Is the Market for Knowledge Saturated or Depressed? (BW)

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If the idea of treating knowledge as a thing, specifically a type of good, is indeed fruitful, then it should illuminate a modern problem of knowledge that normally eludes epistemologists. With this in mind, let us consider a final question: Why don't epistemologists ever seriously entertain the possibility that we know too much? Admittedly, theorists of the Knowledge Society routinely argue that not only the average citizen but even the average member of the scientific community increasingly faces an unmanageable glut of information. However, this state of affairs is not without its skeptics, and, even when admitted, it tends to be treated as symptomatic of a lack of knowledge — specifically, at the meta-level of how one's limited cognitive resources may be used most effectively as a selection mechanism. In more economistic terms, Knowledge Society theorists presume that the available supply of knowledge creates its own demand: no knowledge is useless or unassimilable, though determining its use may require the generation of still more knowledge. If correct, this diagnosis would imply that a version of Say's Law applies just as much to knowledge as to other goods (at least as theorized in neoclassical economics). So, again, economics opens up new vistas for conceptualizing knowledge, especially since Say's Law has had its share of detractors, whose alternative vision of the economy provides an analogical basis for imagining a world with "too much" knowledge.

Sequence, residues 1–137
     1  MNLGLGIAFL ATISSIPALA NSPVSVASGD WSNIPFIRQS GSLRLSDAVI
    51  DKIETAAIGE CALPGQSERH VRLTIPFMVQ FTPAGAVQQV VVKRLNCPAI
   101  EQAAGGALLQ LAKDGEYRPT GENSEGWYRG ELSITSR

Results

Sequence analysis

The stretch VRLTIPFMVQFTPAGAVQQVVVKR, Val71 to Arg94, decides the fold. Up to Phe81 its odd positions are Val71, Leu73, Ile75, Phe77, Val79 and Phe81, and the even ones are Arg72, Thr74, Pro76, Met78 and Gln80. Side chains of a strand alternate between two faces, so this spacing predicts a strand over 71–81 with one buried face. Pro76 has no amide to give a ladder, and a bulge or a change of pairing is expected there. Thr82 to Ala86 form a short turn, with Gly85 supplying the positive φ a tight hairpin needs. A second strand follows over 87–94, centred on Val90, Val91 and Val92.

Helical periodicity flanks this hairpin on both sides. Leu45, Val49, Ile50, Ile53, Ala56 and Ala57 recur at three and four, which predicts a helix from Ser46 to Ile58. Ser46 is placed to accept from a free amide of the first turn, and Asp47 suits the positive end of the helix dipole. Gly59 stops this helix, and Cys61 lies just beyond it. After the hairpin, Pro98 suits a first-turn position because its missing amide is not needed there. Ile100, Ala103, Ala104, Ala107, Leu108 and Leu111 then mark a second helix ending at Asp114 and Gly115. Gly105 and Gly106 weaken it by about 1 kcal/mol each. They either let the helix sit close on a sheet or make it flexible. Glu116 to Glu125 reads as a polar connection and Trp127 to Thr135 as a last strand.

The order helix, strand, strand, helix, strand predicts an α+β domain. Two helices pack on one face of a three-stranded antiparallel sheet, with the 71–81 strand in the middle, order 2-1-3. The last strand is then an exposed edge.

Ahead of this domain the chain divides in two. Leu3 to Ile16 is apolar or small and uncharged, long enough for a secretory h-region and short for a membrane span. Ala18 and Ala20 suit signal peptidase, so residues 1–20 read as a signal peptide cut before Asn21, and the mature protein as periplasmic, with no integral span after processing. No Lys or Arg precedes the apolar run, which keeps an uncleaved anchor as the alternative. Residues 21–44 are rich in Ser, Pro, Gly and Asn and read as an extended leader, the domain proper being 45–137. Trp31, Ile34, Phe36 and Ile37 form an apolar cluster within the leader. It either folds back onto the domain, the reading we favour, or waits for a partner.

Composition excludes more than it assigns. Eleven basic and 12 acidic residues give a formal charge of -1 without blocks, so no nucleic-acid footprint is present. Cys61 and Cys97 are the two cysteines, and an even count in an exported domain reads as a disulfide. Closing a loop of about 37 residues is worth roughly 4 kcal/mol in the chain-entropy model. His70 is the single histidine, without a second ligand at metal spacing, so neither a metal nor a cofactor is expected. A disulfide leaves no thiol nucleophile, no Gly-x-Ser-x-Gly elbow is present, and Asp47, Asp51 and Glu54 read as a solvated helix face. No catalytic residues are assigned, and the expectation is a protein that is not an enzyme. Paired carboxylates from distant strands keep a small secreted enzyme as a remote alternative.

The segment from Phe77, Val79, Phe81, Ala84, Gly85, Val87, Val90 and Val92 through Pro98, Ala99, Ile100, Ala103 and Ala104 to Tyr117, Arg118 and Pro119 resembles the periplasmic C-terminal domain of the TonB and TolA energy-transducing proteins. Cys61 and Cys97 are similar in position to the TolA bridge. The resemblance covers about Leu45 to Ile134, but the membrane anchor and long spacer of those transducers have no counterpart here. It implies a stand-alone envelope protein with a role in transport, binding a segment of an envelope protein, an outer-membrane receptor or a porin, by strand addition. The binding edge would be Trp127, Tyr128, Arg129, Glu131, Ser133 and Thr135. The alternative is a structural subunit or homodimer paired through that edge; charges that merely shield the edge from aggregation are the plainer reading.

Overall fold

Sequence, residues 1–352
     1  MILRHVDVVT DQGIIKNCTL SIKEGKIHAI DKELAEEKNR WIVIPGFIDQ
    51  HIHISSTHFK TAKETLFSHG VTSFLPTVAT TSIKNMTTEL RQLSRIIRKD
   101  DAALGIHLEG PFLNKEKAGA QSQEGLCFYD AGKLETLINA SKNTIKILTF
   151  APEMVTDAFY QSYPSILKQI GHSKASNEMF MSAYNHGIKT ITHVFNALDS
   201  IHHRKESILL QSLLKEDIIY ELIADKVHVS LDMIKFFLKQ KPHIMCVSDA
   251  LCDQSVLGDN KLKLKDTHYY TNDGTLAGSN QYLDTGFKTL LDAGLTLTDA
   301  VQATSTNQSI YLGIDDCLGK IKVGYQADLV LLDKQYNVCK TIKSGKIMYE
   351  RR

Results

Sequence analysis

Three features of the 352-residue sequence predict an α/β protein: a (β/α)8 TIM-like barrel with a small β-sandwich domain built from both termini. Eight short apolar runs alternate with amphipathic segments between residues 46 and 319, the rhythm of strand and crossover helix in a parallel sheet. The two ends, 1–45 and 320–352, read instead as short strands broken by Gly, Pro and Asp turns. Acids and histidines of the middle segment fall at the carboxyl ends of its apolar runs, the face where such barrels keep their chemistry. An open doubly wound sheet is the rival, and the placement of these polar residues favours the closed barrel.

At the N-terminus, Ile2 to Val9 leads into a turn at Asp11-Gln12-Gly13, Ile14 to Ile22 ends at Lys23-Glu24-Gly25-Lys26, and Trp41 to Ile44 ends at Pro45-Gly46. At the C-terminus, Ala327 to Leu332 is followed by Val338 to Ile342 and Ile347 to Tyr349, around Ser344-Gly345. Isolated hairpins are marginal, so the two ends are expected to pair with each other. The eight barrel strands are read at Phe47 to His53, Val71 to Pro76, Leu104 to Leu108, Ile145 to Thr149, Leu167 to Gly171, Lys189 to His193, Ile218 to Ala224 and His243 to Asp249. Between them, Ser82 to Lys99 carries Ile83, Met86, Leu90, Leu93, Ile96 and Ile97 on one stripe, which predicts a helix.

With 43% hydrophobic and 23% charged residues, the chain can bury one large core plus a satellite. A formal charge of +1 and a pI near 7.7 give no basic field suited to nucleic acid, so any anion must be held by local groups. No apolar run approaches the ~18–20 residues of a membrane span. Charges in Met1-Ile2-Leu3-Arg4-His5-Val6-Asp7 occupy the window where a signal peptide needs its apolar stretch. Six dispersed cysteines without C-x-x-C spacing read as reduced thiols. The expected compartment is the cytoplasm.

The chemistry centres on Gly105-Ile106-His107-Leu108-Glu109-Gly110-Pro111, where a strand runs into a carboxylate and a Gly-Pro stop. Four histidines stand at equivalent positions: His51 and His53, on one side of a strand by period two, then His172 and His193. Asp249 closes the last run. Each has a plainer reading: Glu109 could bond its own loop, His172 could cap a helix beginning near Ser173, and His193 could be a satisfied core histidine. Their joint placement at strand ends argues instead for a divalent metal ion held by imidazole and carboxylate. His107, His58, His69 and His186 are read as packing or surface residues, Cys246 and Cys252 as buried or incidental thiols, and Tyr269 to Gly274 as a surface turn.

If the capitalist spirit is moved by a categorical imperative, it is to expand markets indefinitely. Not only does this imperative capture the capitalist belief in the basic insatiability of human wants, but also her belief that the best way to increase everyone's wealth is by everyone trying to increase their own wealth. Thus, the idea that a market could have too many goods — a "glut" — would seem to be a conceptual impossibility. For this reason, Say's Law has always had intuitive appeal for economists. However, the fact remains that capitalism undergoes periodic depressions, the most obvious explanation for which is that too many goods are chasing too few buyers. Whereas defenders of Say's Law (e.g. Ricardo and Marx) have been forced to reinterpret the market contractions that appear to characterize depressed economies, opponents (e.g. Malthus and Keynes) have taken the prima facie occurrence of depressions as refuting Say's Law. Yet, in either case, something needs to be done to repair the economy. How do these policy recommendations bear on the possibility of an analogous "knowledge glut"?

In one of the original defenses of Say's Law, David Ricardo argued that what economists call "depressions" are really depressed production levels, that is, the presence of too few goods. On Ricardo's diagnosis, large segments of the population are not producing the amount or kind of goods that can be exchanged in fair trade with goods currently on the market. Ricardo's answer, then, was to increase the production levels of the poor, which immediately led critics to charge that his thinking was more that of a "chrematist" (i.e. someone concerned only with increasing wealth, regardless of its other consequences) than that of an economist.